SANDY SPRING, Md., Oct. 18 ‚ÄĒ When the football players here at Sherwood High School were not getting the message about washing their uniforms and using only their own jerseys, the school nurse paid a surprise visit to the locker room. She brought along a baseball bat.
‚ÄúDon‚Äôt make me use this,‚ÄĚ the nurse, Jenny Jones, said, pointing out that seven players on the team had already contracted a deadly drug-resistant strain of bacteria this year. ‚ÄúStart washing your hands,‚ÄĚ she said. ‚ÄúI mean it.‚ÄĚ
School officials around the country have been scrambling this week to scrub locker rooms, reassure parents and impress upon students the importance of good hygiene. The heightened alarm comes in response to a federal report indicating that the bacteria, methicillin-resistant Staphylococcus aureus, or MRSA, are responsible for more deaths in the United States each year than AIDS....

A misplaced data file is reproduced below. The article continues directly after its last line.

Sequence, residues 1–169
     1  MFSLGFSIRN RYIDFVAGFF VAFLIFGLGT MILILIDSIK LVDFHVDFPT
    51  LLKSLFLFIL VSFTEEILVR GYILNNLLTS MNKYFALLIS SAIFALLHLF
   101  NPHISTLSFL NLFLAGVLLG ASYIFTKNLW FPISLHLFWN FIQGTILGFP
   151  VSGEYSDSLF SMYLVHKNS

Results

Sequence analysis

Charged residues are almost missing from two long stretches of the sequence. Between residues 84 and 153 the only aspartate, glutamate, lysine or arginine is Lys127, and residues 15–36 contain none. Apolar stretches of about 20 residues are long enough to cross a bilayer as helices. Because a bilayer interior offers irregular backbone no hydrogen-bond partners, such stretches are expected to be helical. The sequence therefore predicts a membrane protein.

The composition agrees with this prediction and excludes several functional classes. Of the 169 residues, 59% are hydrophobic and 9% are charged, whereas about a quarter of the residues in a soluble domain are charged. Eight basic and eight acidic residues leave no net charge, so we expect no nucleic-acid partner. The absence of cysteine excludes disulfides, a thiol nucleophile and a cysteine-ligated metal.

I just came from the supermarket where I pushed a cart around gathering my groceries. Now I'm sitting here wondering if some infected person pushed that cart before me. And, yes, I've washed my hands twice since reading this article. My point is obvious, we need more than schools, hospitals, and rest homes getting in on the cleaning act.